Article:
"I have been following the process since morning, the interior minister told me that voting is going on without any problems or incidents at the moment," Erdogan told reporters after casting his ballot at a polling place in Istanbul's Uskudar district, where he arrived together with his wife, at around 11:45 a.m. (08:45 GMT).
"It is very important that all our voters vote before 5:00 p.m. without any fear, to show the strength of democracy. I wish the outcome to be good for our democracy, our people and our state," he said.
Security measures at the polling station in Istanbul, where Erdogan cast his vote were strengthened, a Sputnik correspondent reported. Special forces soldiers and law enforcement officers in civilian clothes were deployed next to the site, while fences were installed in the area, preventing cars from entering the station’s territory. Voters in the areas affected by the devastating February earthquakes in southeastern Turkiye also participated, with special voting containers set up in the areas where the buildings of regular polling stations were destroyed, media reported.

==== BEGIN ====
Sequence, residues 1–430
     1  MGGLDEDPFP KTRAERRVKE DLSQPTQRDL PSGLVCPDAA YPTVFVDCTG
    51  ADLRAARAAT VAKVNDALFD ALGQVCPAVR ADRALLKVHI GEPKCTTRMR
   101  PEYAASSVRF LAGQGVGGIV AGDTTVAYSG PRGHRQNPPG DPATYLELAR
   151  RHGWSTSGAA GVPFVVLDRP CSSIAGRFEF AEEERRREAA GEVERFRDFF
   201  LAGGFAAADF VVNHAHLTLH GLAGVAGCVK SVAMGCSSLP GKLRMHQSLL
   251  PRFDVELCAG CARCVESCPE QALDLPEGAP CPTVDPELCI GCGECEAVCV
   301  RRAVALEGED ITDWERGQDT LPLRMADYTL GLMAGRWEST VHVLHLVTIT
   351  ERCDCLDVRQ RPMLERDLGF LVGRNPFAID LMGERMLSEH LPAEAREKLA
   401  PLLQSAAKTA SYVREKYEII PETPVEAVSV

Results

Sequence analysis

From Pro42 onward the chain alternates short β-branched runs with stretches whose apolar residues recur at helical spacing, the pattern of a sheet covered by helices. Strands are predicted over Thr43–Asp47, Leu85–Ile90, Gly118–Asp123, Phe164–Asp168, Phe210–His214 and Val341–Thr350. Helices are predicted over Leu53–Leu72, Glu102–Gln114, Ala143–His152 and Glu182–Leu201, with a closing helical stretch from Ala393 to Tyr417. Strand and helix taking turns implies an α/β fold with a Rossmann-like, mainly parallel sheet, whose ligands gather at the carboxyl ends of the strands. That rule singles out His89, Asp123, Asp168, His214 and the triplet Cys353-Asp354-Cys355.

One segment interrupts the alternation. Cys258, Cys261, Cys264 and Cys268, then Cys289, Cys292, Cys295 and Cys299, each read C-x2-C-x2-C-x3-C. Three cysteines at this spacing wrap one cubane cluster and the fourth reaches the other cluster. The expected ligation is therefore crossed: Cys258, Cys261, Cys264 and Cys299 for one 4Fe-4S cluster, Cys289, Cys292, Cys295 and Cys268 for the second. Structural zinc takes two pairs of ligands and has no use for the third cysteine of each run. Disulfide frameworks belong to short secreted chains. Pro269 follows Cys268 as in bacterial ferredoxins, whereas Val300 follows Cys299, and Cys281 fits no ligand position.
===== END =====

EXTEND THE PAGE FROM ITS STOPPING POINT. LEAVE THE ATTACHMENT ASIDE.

People arriving to cast ballots were banned from entering polling booths with mobile phones and cameras, according to Turkish media, with fines for those violating this rule.
Tightly Contested Election
Ahead of the presidential and parliamentary elections, opinion polls had projected tight races in both from the outset. Sitting President Recep Tayyip Erdogan and his main opposition challenger Kemal Kilicdaroglu were seen as evident frontrunners in the race for the country’s top job. The incumbent, Erdogan, was likely to win in the first round by a small margin, polls by the Areda and Asal research centers had indicated. Areda’s survey showed that 51.3% of respondents were ready to vote for Erdogan, while 44.2% - to support Kemal Kilicdaroglu. The third candidate, right-wing politician Sinan Ogan, was projected as getting almost 4% of the votes, and becoming a distant third. As to the fourth contender - Muharrem Ince, the leader of the Memleket party, he had dropped out of the race on Thursday. just three days before the election. However, President of the Turkish Supreme Election Council (YSK) Ahmet Yener said on Saturday that the votes cast for Muharrem Ince would not be nullified.